Got a bike? You can ride it if you like! Part 1

In anticipation of this Saturday’s Tweed Ride Toronto, this is the first in a series of three posts looking at aspects of cycling in late-1800s Toronto.

Advertisement from the September 9, 1893 Globe.

The first wave of bicycle interest reached Toronto around 1869, with the advent of a bicycle (or “velocipede,” as it then more-commonly known) nicknamed the “boneshaker” due to its riding experience supposedly being quite rickety and violent.  The boneshaker was one of the first bicycles to really arouse interest in Canada, although its utility was ultimately limited due to several factors, including the relatively high retail prices and the poor condition of North American roads at this time.

As such, many Canadian cities (including Toronto) soon had special cycling arenas or rinks, where people could have a smooth track on which to ride. In his book Freewheeling: The Story of the Bicycling in Canada (Erin, Ont.: Boston Mills Press, 1986), William Humber describes Grand’s Riding Academy on Wellington Street in 1869, where “spectators [were] paying twenty-five cents to stand in the centre of the floor and watch the velocipedists circle on the exterior ring.”  Humber also mentions an event given at St. Lawrence Hall wherein a “Professor Frank Marston demonstrated his skill at staying upright.”

Original: Thomson, William James (1858-1927). Reproduced from the Toronto Public Library website.

Members of the public were certainly keen to try bicycles for themselves, and in these years Toronto had other cycling tracks, including the Ontario Velocipede Rink in Yorkville, and the riding rink pictured here at Phoebe and Soho streets.  Although this image has been reproduced in multiple sources, none of these sources have supplied any further information about the “Velocipede Rink and Baths” at Soho & Phoebe Streets, and there does not seem to be anything more known about it.  These first cycling venues appear to have been very short-lived.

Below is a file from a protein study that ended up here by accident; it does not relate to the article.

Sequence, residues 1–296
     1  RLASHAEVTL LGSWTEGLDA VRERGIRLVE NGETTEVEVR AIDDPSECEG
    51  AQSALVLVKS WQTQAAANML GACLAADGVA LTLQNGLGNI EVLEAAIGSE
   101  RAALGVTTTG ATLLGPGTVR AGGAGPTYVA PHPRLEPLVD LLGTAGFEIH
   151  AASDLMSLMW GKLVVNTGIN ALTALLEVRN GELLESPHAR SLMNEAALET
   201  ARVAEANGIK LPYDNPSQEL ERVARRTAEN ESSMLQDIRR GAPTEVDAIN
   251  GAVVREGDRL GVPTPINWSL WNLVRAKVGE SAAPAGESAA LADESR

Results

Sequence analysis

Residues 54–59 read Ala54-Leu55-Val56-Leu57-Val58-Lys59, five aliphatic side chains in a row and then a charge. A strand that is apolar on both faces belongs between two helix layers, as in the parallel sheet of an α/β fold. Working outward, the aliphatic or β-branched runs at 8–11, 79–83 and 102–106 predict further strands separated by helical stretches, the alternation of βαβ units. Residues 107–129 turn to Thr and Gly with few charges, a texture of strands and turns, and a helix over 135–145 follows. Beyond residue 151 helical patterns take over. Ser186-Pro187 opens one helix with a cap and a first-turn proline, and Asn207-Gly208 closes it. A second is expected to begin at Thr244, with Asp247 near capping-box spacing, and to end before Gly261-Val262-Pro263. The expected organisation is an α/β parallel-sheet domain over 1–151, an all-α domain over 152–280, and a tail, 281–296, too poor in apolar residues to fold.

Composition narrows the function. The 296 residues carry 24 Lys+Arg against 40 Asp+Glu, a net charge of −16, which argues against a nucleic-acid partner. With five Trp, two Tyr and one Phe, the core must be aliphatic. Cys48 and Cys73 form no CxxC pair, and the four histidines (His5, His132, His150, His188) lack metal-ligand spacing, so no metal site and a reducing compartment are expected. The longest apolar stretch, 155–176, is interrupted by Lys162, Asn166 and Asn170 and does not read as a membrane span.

The bicycle which one tends to associate with the late nineteenth-century, often known as a penny-farthing (the one with the disproportionately high wheel in front), arrived in North America in the late 1870s, and helped foster a more penetrating interest in bicycles amongst Torontonians.  Other contributing factors at this time were the gradual paving and overall improvement of North American roads, various cyclists publishing accounts of their journeys allowing for circulating knowledge of good cycling routes, and innovative modifications to bicycles which made them more comfortable and, more importantly, more inclined to stay upright.

Part 2 in this series will be posted tomorrow.

For those wondering about the image at the top of this post, “Blood Moon” is another term for the “Hunter’s Moon,” the first full moon after the Harvest Moon.  In 1935 there had also been a lunar eclipse in July; during many lunar eclipses the moon appears to be red.  Either of these might explain the rather startling headline.